Disclaimer: I have never written Star Trek. Instead, I’ve been reading the late Michael Piller’s book Fade In, on writing Star Trek Insurrection. Being honest, reading it is like being at work. It documents his ideas for the movie, the notes he got back, the discussions over the roles of actors and then the subsequent drafts. Nothing too dramatic. Actually, he had it pretty easy. I’ve had it pretty easy too for the most part so, yes, while I haven’t written a Star Trek movie, this all feels really familiar.
One thing really struck me at the start of the book. He describes the initial concept he pitched and then describes the notes that came back. Instantly, I looked at the notes and thought, well a lot of that ended up in the final movie. If the problems were identified right at the start, how could that happen?
As I read through the book, what became apparent is how good Michael Piller was at two things which, personally, I think worked against his movie.
1) He was great at talking people round.
I guess it’s hard to see this as much of a negative. To succeed as a writer or anything else creative, you have to be able to make a really great case for your ideas. You need to be able to pitch them well and get people on your side. Those skills are crucial.
And yet where this skill betrays you is if you’re talking your way into proceeding with problems that have been clearly identified. You have to know when to stop talking and start listening and really take the notes seriously. Most of Michael Piller’s process as he describes it was rejecting the notes and either talking his way round them or he would use his next skill which I think worked against the movie:
2) He could patch holes quickly.
For every problem he didn’t just talk his way out of, he patched it with a quick solution that allowed him to continue without him having to completely re-examine his story. That too is a good skill and it allows you to keep up momentum and I know he had a preproduction deadline staring him in the face. But the thing about patching problems is that it doesn’t actually remove them. People still ask questions, still pause for a moment to wonder about the actions of a character or the reality of the situation. Even though you add lines in that explain those things, people have still been taken out of the movie and may or may not accept your explanation.
I think the problems required more thought. More willingness to tear open the story and make real fundamental changes. Because for me, the way to tackle a script problem is not to actually find a solution or a fix – it is to remove the problem altogether. Don’t give an answer to the question. Prevent the question from ever being asked. And that usually takes a LOT more thought and, unfortunately, often requires going back many steps in the process to achieve.
I don’t mean to come down hard on Michael Piller. In his life, especially with Star Trek, he achieved more than I have ever achieved and his work on the TV show was excellent. The reason these two things stood out to me is for the same reason that reading the book felt like work – they were all too familiar. I too have talked my way into going ahead with story problems when I shouldn’t have. I too have patched scripts when I should have taken a step back and really looked at why the problems were there in the first place. So I guess in a way, I’m really meaning to come down hard on myself for doing this in the past. As is so common on this blog, this post is really a note to self. But maybe you’ll see it’s something you can watch out for too.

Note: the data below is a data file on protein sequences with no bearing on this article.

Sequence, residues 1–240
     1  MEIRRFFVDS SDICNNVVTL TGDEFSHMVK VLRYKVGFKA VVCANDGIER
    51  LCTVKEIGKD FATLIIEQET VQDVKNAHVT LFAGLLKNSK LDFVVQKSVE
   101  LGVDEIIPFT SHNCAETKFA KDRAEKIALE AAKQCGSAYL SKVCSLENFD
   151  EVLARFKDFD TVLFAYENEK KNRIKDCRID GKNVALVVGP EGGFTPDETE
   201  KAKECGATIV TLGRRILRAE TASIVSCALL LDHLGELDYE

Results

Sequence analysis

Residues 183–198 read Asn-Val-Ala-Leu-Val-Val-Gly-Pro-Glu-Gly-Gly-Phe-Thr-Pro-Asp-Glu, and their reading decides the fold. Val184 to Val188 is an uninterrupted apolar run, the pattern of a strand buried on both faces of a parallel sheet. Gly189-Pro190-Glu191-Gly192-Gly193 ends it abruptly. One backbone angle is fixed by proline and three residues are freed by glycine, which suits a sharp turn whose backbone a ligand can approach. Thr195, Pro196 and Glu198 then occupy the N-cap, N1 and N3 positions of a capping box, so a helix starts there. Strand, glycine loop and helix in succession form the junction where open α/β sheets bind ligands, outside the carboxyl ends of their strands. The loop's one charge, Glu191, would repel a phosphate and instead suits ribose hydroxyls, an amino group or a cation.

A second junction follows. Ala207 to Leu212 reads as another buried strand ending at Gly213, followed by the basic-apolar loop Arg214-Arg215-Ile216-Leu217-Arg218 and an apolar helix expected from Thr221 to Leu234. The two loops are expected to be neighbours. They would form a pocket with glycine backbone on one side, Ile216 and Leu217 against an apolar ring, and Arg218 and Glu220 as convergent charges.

Great movies and shows will only come from great scripts. We have to be willing to listen to every note, hear every problem and we have to do what it takes every time to make that script better.
Here’s a thing about your creative endeavours, whether it’s that project you’re pushing, that job you’re hoping to get or your whole career – you need to keep up the momentum. It can be so hard to get any kind of movement at all. So when you do get it, even a hint of it, you have to keep pushing and keep that movement going.
Absence makes the heart grow fonder? Nope. Absence makes the heart (or the mind or whatever) forget. People move on and they notice other things and other people and, soon, that momentum you felt you had is gone.
It’s not easy, especially when you have to bury yourself away like a hermit to actually get some work done, as I’m sure many of the writers will understand. But you have to get out there and keep up a presence in whatever form you can. Even if it’s just a blog post about keeping up a presence.
Get out there and build that momentum. And when you get a tiny bit of movement, don’t let up. Stay out there as much as you can and let people see your newest work, hear the stories of what you have coming soon or even just see your face around. Keep that momentum going.
I remember the first feature script of mine that was ever optioned, well over a decade ago. The concept was sound but I was in the fourth draft when I knew in my heart it wasn’t going anywhere. It was dropped soon after.
When I look back on that script now, I realise that I didn’t actually write four drafts of that story. Instead, I wrote four first drafts. Each time, I threw everything out and I started again. So maybe I avoided some problems but I introduced a whole new set of problems. That’s expected in a first draft, especially from a new writer which is exactly what I was.
Soon after, I was working on a different feature script. People liked it. But when it came to the second draft, I caved and couldn’t fix it. I moved on to a whole other story.